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Take one of your poems that you’ve not fully appreciated and devote as much time as you have today to show it how great it can be—someday, if not today. Tidy it up. Cut out the unnecessary stuff and add to it what’s missing. Shape it. Read it out loud to yourself to see if the right words are in the right order. Call it a Real Poem, even if deep down you think it’s not a real poem. Feel astonished with yourself for writing poems, and for having been so brave and so creative and so willing to take risks. Thank yourself, as I think you, for sharing this time, and yourself, with us. Rest afterward, for a week or so, and then give the same honor to all of your freewrites. Come back to them and be surprised at all the things you’ve written that you didn’t know you could write. Linger as long as you like over your freewrites. Eventually you’ll recognize in them the poem they’ve prepared you to write. Then rip them to pieces or dip them in liquid gold. You’ve got this. You don’t need prompts now. Now you need to call yourself a poet and write poems.

Out the Window
By MP

The cedar and the birch stand framed in the windowpane;
The sun dances upon wet needles
And paints the paper curls;
See our color,
Feel our texture --
There is good within your reach.

Floral inspiration: An example of persevering in the face of adversity v. 1
By Renée Szostek


The brave crocus grows
even when it snows. Steadfast,
it knows spring will come.

Floral inspiration: An example of persevering in the face of adversity v. 2
By Renée Szostek


The brave crocus grows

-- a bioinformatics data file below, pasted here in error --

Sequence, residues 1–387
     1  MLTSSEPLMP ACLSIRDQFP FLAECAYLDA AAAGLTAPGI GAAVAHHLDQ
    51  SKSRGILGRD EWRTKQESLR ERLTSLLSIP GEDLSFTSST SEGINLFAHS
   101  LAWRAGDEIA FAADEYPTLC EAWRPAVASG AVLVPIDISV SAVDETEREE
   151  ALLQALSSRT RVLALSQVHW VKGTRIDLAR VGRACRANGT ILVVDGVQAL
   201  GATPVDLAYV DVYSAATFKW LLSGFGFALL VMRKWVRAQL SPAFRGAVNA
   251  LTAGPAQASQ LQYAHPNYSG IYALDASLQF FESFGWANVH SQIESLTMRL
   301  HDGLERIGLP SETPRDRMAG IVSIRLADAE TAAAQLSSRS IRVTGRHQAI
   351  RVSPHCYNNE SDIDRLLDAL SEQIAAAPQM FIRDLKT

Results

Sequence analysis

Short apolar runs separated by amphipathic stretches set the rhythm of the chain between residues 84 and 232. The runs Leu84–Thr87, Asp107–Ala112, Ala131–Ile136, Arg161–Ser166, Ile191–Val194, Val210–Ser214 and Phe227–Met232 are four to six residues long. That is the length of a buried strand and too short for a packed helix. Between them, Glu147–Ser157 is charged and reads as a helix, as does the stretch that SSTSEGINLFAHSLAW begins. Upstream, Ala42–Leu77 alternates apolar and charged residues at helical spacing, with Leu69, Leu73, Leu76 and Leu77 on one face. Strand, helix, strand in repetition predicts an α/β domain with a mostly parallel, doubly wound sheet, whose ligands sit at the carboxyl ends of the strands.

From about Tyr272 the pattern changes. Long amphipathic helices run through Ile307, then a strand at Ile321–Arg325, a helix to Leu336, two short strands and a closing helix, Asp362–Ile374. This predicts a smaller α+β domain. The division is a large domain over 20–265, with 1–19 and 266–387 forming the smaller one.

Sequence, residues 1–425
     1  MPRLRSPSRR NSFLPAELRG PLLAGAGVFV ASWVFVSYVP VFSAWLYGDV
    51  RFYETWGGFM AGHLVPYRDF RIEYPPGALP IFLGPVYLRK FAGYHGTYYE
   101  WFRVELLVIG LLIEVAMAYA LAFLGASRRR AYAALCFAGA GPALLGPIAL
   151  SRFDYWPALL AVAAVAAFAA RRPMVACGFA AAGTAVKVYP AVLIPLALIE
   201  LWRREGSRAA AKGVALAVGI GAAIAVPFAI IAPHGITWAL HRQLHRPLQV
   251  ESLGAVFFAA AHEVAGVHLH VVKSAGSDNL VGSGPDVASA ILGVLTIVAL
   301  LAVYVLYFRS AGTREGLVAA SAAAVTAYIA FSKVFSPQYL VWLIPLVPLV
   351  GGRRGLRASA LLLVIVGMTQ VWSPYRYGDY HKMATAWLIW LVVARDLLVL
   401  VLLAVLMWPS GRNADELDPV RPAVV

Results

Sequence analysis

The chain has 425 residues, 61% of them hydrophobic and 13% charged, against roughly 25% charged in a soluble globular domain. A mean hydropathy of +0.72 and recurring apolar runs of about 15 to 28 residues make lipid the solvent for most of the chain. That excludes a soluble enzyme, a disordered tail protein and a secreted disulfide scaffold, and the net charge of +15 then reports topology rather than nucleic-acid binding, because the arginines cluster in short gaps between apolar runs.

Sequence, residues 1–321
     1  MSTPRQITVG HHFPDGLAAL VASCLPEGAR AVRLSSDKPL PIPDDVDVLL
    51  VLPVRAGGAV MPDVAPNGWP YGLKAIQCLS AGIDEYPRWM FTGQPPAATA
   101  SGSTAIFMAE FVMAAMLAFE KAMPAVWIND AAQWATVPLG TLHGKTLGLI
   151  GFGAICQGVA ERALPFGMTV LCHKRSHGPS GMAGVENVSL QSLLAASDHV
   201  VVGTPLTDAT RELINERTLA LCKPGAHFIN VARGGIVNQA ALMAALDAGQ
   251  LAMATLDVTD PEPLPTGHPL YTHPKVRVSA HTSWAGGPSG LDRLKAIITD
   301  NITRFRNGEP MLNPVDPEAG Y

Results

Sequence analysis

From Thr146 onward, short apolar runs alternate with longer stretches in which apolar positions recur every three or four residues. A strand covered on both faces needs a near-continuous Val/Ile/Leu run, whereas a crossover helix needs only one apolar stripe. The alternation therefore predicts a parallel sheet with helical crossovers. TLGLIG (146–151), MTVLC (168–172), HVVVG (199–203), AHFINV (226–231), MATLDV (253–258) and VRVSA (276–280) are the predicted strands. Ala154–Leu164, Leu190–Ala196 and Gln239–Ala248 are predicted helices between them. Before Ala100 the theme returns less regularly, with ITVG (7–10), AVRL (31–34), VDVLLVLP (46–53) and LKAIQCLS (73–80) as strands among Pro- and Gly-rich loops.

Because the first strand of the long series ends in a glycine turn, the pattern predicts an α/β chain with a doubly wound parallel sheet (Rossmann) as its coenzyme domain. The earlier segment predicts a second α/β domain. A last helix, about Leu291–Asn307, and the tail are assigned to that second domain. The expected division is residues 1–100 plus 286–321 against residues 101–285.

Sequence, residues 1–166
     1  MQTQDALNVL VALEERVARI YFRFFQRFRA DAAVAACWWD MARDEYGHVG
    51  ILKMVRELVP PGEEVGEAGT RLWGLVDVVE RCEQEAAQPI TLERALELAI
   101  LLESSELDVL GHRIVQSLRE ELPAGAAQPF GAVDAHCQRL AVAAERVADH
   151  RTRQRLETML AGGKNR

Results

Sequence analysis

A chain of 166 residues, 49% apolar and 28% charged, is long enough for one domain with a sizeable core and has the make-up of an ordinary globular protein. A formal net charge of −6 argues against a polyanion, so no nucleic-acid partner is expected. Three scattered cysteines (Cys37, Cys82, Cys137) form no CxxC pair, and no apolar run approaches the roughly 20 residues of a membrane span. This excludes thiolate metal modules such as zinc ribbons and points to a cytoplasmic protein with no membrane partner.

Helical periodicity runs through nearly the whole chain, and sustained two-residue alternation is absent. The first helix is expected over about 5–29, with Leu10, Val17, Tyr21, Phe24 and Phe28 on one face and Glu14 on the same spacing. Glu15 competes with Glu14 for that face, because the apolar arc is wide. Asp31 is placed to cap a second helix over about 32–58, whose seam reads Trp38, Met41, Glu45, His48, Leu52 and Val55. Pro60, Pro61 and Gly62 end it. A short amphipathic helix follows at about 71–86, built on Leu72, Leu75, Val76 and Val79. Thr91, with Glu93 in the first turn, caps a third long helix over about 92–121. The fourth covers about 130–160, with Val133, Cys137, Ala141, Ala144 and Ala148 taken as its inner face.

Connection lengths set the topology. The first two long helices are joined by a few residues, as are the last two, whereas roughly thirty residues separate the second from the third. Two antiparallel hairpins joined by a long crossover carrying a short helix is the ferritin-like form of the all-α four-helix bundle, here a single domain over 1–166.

even when it snows. Steadfast,
it knows winter goes.

Ash Tray Lies
By Deborah Rebeck Ash

I didn’t know they were lies when told we were expected to take them
Even though no one in our family smoked, that I knew of.
Grandmother acquired a collection of little dishes with tri-cut edges.
I remember their acquisition, presence, smoky aroma though washed.
Restaurants gave us “doggie” bags to take our uneaten food home
Even though we did not have a dog in our family.
You can understand why I took the interesting check-out counter item.
Age three in my parent’s arms, no one noticed until we got in the car.
Back inside we went to return my trinket. I did not get to buy it.
That’s when I learned not to take things. Even ash trays.

Time-Wounds
By Deborah Rebeck Ash

Time heals wounds and hurts.
It cannot comfort or soothe my aching spirit.
Overlooked, lost wounds pile in distant heaps
Locked. Tightly secured in my memory vault.
Does time do anything but continually pass?
Merely marching moment by moment
Immeasurable minutes memento mori.
Time wounds. Healing hurts.
Muscle memories stand guard.
Soul shields raise ready
Shutting out harm.
These are my time-wounds.
Closed. Sealed not healed.
Days, weeks, months, years pass
Distancing my pain from secret settled scars.
The body rebuilds and rectifies past damages.
Revealed, reckoned and released injuries repair.
Healing happens when we allow it.